Hell hath no fury like a pop svengali scorned
THERE IS A LAW in music journalism that you view everything Louis Walsh says with a jaundiced eye. The Mayoman remains one of the most skilled practitioners of the dark art of spin and soundbites.
Your instant reaction, then, when the Peter Mandelson of pop refers to Boyzone as “yesterday’s men” is to look for the angle. Is Walsh cranking up the X Factor hard-sell? Does one of his other charges have a new record to flog? What’s in it for him?
This time, it’s to do with a parting of the ways between band and manager – and the manager getting his retaliation in first.
“They’re like Blue – yesterday’s men,” zinged Walsh to Heat magazine as he collected his P45. “There’s too much competition for them. You have to have something amazing as there’s so much talent out there, JLS, One Direction, Westlife, The Wanted.”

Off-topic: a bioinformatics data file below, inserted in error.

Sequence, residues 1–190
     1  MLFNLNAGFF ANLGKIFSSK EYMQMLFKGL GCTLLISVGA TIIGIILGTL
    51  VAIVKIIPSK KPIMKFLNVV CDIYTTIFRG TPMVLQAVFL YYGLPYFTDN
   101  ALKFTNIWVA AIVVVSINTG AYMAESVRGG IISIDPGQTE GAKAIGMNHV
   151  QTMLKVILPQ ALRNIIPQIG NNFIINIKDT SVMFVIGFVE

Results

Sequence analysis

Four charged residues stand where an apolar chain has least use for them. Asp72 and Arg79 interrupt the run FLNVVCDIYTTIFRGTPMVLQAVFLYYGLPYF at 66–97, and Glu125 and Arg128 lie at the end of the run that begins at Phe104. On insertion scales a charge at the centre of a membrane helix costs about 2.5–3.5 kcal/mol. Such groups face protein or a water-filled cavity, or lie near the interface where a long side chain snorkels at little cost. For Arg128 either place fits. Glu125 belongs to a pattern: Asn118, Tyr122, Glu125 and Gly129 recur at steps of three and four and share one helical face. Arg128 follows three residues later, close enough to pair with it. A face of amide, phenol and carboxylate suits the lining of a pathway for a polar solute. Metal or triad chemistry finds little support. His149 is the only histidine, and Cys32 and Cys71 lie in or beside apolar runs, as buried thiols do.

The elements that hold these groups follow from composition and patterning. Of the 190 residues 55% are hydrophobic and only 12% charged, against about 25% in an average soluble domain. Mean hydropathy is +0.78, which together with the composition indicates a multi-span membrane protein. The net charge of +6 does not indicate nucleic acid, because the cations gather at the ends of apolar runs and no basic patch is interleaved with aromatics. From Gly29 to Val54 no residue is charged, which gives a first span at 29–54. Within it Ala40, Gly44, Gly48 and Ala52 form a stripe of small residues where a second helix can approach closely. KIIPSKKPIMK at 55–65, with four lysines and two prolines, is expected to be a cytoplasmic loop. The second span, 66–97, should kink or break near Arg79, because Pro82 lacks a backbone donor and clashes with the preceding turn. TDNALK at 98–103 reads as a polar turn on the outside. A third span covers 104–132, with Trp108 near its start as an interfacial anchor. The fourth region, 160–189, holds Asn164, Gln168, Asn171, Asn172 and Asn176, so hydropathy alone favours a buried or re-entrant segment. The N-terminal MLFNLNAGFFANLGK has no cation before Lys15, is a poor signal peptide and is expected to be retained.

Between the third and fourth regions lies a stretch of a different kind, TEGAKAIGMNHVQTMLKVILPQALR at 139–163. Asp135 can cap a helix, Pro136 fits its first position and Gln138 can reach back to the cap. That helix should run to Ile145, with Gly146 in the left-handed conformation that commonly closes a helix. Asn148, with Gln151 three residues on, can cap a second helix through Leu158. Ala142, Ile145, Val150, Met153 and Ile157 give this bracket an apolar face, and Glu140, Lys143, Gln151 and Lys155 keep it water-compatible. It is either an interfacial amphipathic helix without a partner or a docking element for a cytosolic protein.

Leaving aside the questionable placement of “talent” and “Westlife” in the same sentence, Walsh’s comments about Boyzone are telling, especially in the light of Take That’s annexing of Croke Park last weekend.
Like Take That, Boyzone also reformed. But, unlike them, the Irish band never sustained the early burst of interest created by their comeback in 2008.
No doubt, the death of Stephen Gately and Ronan Keating’s adventures in tabloid hell contributed to the lack of enthusiasm from the general public about the project.
But as Take That have shown, a boy-band reunion can’t be just about nostalgia. What has contributed to Take That’s current success is that their new, post-reunion material is as strong as anything from the first time around.
With Boyzone, that kind of successful reinvention just hasn’t happened and Walsh obviously thinks it never will. Better to head for the hills and hope Wonderland don’t turn out to be a flop.